# 2002 STEP 1 Q1

Why is it I cannot multiply the first equation by 25 and the second by 18 and then equate the RHS of each equation to find the equation of the points of intersection?

$25(x+2)^2 + 50y^2 = 162(x-1)^2 + 288y^2$

$0 = 137x^2 - 424x + 238y^2 + 62$

The above is not in the form stated in the question. Why does eliminating y work but equating constants does not work in solving this problem?

NB: The problem is also Q17 in Advanced problems in core mathematics

### Interesting question

What do you mean by 'the equation of the points of intersection'? How many points of intersection are there?

Why do you think that this method should work?

### Realised my mistake

Apologies for the bad wording – I meant to say what the question asked – ‘equation of any circle passing through the points of intersection’
I think the flaw in the my idea is that equating constants can be used to find the points of intersection of two curves (inconvenient method in this case) like the example below:
$x^2 + y^2 = 4$
$x^2 + (y-3)^2 = 4$
However, my misunderstanding was that this will lead me to the equation of a circle through these points of intersection – as you pointed out, this does not work

### Equating constants

I'm not sure about this 'equating constants' method. Consider a simple example which is easy to sketch like
y - x = 1
x^2 + y^2 = 1
What are the intersection points of these curves? What equation do you get by equating constants, and what are the solutions of this equation - does it help to find the intersection points?

### Another view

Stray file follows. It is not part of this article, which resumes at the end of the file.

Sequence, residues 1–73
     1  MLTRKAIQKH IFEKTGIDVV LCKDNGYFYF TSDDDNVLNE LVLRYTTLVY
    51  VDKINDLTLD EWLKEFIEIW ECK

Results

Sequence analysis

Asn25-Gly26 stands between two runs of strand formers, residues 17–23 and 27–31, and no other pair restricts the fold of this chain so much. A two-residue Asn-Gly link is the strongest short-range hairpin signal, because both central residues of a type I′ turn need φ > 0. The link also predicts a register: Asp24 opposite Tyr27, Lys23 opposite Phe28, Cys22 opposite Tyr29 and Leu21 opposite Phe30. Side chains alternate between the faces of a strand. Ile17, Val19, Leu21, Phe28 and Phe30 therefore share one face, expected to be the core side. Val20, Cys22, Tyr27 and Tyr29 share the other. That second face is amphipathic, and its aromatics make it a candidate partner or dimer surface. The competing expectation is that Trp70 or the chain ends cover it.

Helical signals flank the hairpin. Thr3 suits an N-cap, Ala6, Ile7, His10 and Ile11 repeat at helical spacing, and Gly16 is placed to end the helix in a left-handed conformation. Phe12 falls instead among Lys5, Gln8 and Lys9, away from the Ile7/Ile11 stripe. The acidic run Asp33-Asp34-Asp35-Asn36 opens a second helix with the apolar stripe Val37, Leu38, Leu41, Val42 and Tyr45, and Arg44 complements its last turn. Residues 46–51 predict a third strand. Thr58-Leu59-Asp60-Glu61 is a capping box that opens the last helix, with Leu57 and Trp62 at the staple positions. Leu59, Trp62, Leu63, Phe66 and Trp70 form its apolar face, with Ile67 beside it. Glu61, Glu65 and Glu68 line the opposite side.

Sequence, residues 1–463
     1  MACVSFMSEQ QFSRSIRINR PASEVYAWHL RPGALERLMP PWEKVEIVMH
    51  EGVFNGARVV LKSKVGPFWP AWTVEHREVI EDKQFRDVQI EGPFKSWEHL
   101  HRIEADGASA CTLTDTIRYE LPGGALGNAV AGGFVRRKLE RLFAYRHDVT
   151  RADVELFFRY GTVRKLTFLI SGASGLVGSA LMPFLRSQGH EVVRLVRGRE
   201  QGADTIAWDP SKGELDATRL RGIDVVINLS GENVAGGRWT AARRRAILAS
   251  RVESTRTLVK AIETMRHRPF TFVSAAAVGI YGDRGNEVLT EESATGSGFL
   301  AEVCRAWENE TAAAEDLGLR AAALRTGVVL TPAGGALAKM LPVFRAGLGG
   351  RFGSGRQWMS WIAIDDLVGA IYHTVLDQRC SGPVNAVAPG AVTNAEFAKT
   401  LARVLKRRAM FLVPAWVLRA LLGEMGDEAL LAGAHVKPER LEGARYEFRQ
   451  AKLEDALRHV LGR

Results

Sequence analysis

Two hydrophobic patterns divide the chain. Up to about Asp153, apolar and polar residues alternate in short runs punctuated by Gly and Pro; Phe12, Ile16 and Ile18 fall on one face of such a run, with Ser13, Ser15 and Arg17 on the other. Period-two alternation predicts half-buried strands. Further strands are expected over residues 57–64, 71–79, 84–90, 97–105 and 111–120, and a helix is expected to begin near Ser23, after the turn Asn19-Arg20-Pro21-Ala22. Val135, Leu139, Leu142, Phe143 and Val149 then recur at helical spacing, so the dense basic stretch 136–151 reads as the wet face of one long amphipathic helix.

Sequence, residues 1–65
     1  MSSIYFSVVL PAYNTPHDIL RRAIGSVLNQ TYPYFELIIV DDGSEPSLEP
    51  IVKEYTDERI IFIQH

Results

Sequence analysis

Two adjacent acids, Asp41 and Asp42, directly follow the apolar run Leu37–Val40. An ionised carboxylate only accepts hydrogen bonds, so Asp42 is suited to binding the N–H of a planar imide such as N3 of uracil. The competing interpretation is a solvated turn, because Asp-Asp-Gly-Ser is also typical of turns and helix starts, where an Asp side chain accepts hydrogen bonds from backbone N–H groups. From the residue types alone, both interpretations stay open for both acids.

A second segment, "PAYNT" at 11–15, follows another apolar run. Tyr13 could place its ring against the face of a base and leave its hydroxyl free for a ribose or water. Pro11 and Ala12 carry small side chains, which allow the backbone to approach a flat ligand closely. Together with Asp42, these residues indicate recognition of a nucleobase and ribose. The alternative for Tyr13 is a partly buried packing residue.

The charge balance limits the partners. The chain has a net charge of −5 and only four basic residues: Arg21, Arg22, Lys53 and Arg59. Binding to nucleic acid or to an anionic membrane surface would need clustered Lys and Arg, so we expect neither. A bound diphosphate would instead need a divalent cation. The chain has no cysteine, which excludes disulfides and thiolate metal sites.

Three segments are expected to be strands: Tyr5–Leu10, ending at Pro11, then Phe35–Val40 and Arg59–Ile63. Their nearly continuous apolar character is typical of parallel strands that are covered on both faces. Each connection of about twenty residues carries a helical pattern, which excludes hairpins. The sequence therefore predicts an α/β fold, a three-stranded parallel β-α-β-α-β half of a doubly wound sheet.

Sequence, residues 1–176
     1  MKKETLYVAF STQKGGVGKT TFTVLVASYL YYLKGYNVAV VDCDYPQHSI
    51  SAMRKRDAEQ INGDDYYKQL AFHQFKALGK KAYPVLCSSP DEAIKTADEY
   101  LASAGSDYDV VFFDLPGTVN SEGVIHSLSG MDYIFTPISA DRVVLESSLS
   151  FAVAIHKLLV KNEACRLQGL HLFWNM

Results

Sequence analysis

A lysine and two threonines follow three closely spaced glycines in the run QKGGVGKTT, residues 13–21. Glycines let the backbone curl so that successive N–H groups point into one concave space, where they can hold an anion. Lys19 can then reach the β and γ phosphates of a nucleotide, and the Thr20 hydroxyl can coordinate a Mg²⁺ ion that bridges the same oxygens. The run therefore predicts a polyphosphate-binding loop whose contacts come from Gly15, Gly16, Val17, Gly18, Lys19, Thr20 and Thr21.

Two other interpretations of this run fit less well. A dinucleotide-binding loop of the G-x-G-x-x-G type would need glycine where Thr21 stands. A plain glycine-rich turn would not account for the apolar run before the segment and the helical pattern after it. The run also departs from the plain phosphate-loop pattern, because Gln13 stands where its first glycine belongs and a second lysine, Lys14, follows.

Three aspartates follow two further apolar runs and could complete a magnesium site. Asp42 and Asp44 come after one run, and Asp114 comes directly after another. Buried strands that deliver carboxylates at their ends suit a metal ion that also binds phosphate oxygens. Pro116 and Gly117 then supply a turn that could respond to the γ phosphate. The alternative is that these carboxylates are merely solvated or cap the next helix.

Perhaps it's easier to think about what this means rather than a specific case. Suppose we have two equations
$f(x, y) = c$ and
$g(x, y) = c$
(where $f$ and $g$ are functions and $c$ is constant) and we want to find the points of intersection (i.e. the pairs of values $(x, y)$ with both $f(x, y) = c$ and $g(x, y) = c$).

If we 'equate constants' and set $f(x, y) = g(x, y)$, then this gives us all points $(x, y)$ where the expressions $f(x, y)$ and $g(x, y)$ are equal, but their common value isn't necessarily $c$! We could have $f(x, y) = d$ and $g(x, y) = d$ where $d$ is some other constant. In other words, the condition $f(x, y) = g(x, y)$ is necessary for $(x, y)$ to be a point of intersection, but not sufficient. The set of points satisfying $f(x, y) = g(x, y)$ can be strictly larger than the set of points satisfying $f(x, y) = c = g(x, y)$. This means that in general, it isn't so useful for finding the intersection points.

### Thanks - I understand your

Thanks - I understand your explanation as to why the 'equating constants' method may not be so useful in finding intersection points

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